The normal Italian beer drinker, even an aficionado, could raise various objections to craft beer.

It is very often an aggressive beer, strongly hopped and therefore bitter.

It often has an alcohol content well above the usual 4.5-5% ABV.

Without pasteurization or microfiltration, lager (bottom-fermented beer, which is the type preferred by the great majority of Italians and Americans) keeps badly. In a first phase microorganisms remaining in the beer thanks to the absence of these processes can give the beer character and freshness, but after 15 days they begin to go bad and give off a nasty taste. For this reason craft breweries often do not offer their lagers in bottles but only in kegs to be tapped immediately by drinking spots or for that matter only in pubs attached to the breweries. This limitation is much less important with ales (top-fermented beers).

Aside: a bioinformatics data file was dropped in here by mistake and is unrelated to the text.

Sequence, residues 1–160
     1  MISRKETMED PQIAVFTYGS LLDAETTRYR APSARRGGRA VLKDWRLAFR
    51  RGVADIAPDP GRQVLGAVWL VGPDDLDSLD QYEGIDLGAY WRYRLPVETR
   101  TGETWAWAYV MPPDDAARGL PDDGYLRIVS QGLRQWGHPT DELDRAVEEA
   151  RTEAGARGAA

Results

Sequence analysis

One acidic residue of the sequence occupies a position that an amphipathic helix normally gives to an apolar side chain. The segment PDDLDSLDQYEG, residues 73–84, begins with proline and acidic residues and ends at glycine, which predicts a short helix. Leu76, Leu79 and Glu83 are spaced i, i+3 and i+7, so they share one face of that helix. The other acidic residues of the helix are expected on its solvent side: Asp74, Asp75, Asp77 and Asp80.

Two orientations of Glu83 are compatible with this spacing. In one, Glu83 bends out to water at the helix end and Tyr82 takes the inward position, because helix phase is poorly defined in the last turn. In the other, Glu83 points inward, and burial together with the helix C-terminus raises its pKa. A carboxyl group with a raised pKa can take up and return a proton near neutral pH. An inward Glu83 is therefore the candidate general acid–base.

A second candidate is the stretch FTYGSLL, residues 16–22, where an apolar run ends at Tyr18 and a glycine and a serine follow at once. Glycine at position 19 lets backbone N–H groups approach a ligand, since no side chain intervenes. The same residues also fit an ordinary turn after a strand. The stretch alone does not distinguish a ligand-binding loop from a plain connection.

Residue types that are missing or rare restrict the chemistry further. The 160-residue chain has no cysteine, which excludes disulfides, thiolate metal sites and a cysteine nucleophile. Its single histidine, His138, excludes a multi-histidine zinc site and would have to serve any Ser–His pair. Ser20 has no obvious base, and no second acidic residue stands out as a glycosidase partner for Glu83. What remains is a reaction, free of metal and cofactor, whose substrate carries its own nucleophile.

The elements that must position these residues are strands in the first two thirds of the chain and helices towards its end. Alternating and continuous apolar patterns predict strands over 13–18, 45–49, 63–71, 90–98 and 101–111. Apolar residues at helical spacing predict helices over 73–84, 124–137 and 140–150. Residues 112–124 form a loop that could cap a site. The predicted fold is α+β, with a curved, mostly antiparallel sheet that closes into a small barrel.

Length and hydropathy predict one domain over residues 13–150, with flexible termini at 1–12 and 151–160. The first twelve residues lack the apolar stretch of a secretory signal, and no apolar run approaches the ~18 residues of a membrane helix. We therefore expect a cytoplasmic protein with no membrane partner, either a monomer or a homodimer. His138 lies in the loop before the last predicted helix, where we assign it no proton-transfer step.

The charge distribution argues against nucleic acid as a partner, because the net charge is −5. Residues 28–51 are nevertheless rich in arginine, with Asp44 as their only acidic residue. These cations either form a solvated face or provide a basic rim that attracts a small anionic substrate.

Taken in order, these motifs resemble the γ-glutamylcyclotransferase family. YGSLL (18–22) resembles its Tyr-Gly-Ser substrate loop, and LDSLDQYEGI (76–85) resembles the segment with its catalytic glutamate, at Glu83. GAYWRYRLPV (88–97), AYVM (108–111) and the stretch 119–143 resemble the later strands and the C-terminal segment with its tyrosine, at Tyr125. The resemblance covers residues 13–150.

It costs much more than an industrial beer.
This price may be considered justified, but in any case the price is much higher.

There is a certain preciousness to craft beers thanks to the ecstatic appreciation of its connoisseurs, who sip it as though it were a highly prized vintage of Brunello wine. Such a beer is far from the spirit of good company in a carefree evening of many rounds of an easily drinkable beer.

The taste of the same type of craft beer is not guaranteed to be the same from one batch to the next because it is affected by various factors that are hard to control. This can irritate the beer drinker who wants to count on a certain taste without surpises.